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Burning incense linked to cancer

It may seem harmless enough, but researchers in Taiwan have found a possible link between burning incense and cancer, reports this article from the BBC News.

The researchers collected air samples from three sites: a traffic intersection, inside a temple where incense is frequently burned, and outside the temple. They found that incense created more pollution than the automobiles idling at the intersection. They also found levels of one chemical believed to cause lung cancer was 40 times higher in the temple than in the homes of smokers, says the article.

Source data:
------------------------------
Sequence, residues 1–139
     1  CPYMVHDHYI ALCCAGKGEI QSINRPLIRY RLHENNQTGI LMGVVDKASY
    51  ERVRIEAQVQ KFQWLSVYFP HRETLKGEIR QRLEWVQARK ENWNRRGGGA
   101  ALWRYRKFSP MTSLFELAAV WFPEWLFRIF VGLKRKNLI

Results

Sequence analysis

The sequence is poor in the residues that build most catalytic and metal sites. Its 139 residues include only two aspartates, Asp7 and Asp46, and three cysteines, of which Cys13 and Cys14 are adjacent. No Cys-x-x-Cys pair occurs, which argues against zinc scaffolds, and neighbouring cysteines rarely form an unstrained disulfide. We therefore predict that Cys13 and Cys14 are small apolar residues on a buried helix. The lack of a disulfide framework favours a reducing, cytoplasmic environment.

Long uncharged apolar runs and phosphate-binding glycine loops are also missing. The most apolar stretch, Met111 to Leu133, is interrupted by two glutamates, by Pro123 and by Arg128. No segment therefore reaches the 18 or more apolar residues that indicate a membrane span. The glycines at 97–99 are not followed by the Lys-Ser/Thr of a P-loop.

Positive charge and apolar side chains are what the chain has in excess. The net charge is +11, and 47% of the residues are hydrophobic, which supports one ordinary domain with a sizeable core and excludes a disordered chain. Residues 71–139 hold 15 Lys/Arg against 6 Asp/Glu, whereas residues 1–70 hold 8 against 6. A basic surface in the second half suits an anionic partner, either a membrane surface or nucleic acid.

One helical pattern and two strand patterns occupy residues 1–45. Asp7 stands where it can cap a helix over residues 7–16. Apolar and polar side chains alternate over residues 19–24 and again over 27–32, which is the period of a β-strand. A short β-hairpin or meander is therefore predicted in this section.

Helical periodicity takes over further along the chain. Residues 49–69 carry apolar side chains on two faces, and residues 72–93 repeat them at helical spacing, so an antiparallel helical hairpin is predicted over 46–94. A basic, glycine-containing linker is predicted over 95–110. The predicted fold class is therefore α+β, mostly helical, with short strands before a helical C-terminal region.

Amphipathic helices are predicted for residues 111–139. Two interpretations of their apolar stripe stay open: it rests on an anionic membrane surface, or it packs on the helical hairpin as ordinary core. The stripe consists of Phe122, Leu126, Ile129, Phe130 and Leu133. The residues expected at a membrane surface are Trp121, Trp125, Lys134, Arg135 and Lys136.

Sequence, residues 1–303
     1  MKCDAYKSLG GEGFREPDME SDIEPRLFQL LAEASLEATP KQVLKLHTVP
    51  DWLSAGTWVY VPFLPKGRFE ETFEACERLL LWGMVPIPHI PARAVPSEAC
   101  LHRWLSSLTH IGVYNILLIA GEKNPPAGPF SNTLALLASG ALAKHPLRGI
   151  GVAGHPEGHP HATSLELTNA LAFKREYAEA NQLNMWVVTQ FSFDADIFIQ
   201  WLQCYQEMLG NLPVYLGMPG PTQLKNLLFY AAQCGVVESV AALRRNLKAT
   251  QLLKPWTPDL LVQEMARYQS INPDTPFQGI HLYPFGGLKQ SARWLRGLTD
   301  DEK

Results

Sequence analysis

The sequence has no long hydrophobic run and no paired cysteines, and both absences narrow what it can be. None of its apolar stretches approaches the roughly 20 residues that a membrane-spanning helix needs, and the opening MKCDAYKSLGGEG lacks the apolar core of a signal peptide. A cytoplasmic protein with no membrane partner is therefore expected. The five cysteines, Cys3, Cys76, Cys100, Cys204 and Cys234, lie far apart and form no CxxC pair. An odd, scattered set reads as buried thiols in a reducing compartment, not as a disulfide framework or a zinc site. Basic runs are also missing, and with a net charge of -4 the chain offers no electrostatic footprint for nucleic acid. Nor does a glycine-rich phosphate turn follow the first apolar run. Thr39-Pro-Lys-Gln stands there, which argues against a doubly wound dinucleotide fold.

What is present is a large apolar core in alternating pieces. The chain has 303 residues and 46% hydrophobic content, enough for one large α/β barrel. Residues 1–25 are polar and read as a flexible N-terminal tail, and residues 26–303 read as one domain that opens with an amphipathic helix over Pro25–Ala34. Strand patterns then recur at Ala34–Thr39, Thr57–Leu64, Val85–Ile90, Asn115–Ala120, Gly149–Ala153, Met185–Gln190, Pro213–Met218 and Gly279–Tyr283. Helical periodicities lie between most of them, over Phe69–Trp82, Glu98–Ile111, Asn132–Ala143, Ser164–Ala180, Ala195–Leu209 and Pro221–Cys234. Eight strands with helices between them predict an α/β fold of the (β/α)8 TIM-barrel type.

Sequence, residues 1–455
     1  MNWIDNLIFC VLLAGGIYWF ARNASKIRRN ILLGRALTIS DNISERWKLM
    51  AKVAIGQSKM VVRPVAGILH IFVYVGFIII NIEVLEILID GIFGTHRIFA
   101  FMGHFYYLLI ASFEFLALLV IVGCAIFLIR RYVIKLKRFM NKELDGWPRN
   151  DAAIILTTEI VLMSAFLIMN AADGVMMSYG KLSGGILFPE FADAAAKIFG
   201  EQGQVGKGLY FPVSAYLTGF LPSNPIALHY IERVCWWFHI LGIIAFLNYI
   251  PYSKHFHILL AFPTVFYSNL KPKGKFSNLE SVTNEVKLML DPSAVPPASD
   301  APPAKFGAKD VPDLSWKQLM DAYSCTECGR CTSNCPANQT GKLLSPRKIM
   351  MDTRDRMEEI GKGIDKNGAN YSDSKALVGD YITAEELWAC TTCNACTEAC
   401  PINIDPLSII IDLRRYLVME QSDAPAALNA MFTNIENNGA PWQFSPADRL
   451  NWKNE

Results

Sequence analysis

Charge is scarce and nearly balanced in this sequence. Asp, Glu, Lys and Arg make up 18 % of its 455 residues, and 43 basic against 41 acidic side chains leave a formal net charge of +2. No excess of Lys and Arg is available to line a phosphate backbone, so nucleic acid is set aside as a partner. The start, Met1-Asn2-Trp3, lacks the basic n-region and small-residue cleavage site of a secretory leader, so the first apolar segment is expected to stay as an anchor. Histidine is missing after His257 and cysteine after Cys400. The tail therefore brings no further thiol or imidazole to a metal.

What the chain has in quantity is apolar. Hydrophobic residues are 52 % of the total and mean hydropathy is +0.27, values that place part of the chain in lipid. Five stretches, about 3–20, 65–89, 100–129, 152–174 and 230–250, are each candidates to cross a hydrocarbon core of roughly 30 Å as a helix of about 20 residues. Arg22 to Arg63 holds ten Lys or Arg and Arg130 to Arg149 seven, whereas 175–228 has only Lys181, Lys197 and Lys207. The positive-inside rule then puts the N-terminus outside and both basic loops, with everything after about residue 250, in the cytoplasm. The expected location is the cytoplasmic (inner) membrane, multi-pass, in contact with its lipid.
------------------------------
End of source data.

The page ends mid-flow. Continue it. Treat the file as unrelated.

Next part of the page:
"There is a potential cancer risk," says Dr. Ta Chang Lin of the National Cheng Kung University in Taiwan. "We just cannot say how serious it is." But steps should probably be taken to lower the amount of pollution in the air of temples by improving ventilation. "We are concerned for the health of the workers or keepers in the temples," Lin says.

The researchers were most concerned with levels of polycyclic aromatic hydrocarbons (PAHs) produced by the incense. PAHs are chemicals that are released when some substances are burned, and they are known to be cancer-causing.

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